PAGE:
UC transforms first-year engineering curriculum with design focus
Design thinking courses replace traditional foundations and models courses in first-year engineering curriculum
First-year engineering students at the University of Cincinnati will have a different academic experience this semester than previous classes.
UC's Department of Engineering Education recently modified its first-year engineering curriculum, replacing its traditional foundations and models courses with two new courses rooted in design thinking.
“The new courses are very design-centric,” says P.K. Imbrie, PhD, professor and head of the Department of Engineering Education. “We’re trying to instill creativity and innovation through design experiences and teach students in a way that better prepares them for their sophomore-level classes.”
Building upon findings from the National Science Foundation and the American Society for Engineering Education, as well as long-term discussions between faculty and staff, the department sought to transform the undergraduate engineering education experience, re-thinking how it educates students to prepare them for both upper-level curriculum and the professional field.
This transformation is rooted in the format of the first-year curriculum. In previous years, first-year engineering students took two two-credit courses their first semester: Engineering Foundations (ENED 1020) and Engineering Models I (ENED 1090). Starting this fall, those two courses will be replaced by one three-credit course: Foundations of Engineering Design Thinking I (ENED 1100). The second semester also will change for first-year engineering students. Rather than take Engineering Models II (ENED 1091), students will take Foundations of Engineering Design Thinking II (ENED 1120).
The new design courses use discussion and activities to introduce students to fundamental engineering concepts, design challenges, computer tools and extended exercises, developing five broad planes of conceptual thinking:
Previously, first-year engineering courses introduced concepts and problems by discipline. The new design-centric courses introduce societally relevant challenges that show the multidisciplinary nature of engineering and require students to develop creative approaches to engineering problems. Students are not narrowly boxed into one corner of engineering but rather exposed to the comprehensive and holistic nature of the engineering field.
This complete approach also applies to modeling and programming classes. Rather than focus exclusively on one programming tool such as MATALAB, engineering students are introduced to several engineering tools such as LabVIEW, Python, CAD and Visual Basic to get a more well-rounded view of the engineering field.
“It’s about building technology self-efficacy,” says Imbrie. “Students who are exposed to several languages will be better prepared to approach any kind of problem that requires a technology solution when they enter the professional field.”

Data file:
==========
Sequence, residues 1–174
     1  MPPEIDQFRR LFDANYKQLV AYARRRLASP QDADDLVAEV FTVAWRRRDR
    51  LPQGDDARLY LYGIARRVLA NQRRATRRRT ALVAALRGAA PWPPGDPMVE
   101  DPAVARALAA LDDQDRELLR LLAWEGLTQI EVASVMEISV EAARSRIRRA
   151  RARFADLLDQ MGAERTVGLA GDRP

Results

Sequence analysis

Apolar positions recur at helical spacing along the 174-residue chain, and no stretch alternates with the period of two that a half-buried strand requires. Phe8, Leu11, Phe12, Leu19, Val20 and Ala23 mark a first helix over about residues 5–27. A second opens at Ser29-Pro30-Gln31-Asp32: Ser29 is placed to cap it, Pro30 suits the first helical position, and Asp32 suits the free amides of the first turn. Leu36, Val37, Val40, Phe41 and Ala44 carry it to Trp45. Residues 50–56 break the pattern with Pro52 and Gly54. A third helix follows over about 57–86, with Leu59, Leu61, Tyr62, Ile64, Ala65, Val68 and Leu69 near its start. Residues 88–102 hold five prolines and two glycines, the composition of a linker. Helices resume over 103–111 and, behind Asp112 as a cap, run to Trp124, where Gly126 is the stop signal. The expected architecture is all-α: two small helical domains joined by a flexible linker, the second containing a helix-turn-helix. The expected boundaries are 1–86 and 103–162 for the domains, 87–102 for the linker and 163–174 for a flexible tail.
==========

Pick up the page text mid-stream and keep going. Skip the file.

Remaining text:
The courses also have an emphasis on team projects, with an additional emphasis on student learning. The new courses have weekly “studio hours,” where time is spent doing hands-on activities to better understand course concepts, design challenges and other experiential opportunities. Through long-term projects that take place outside of the collaborative classroom experience, students will develop project management skills.
“We talk about developing a way of thinking about teaming as something that’s important,” says Imbrie, “but it’s really hard to become a cohesive team if the only time you’re a team is when you’re in class.”
In addition to teaching skills like project management, communication and critical thinking, these out-of-class projects are designed to highlight all aspects of engineering disciplines at UC, as well as the role engineers play in solving societal problems. The number of projects and the overlap of some of them will simulate the realities of working in the industry.
It’s not about weeding out but rather helping out.
P.K. Imbrie UC head of Department of Engineering Education
“Engineers have to be able to juggle things simultaneously,” says Imbrie. “By giving projects that are rolled out all at the same time, you get students to start thinking how they have to work in the real world. It’s not about weeding out but rather helping out.”
Though the new changes in curriculum may seem like a big jump at first to students, Imbrie sees the courses as necessary in preparing the next generation of engineers for success.
“We’re trying to teach a student to learn how to ask questions – that’s what design is all about,” he says. “A good engineer is one who is always trying to understand whether they’re actually solving a problem that someone wants them to solve.”
Introducing students to design principles and design thinking early on will allow students to ask the right questions in class and on cooperative education (co-op) rotations. Students are introduced to design thinking and problem solving their first year, practice that on co-op, and sum it all up in capstone.
“This starts a new way of bookending the student’s experience as an engineer," Imbrie said.
With the design-centric courses, students leave their first year with the necessary tools and experiences to succeed.